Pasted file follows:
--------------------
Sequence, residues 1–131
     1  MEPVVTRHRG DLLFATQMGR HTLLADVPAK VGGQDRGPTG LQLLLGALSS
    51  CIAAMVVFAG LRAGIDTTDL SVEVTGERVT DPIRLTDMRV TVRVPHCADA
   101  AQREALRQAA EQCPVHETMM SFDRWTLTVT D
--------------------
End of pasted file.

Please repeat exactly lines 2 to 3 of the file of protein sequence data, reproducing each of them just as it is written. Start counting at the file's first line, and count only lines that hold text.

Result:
     1  MEPVVTRHRG DLLFATQMGR HTLLADVPAK VGGQDRGPTG LQLLLGALSS
    51  CIAAMVVFAG LRAGIDTTDL SVEVTGERVT DPIRLTDMRV TVRVPHCADA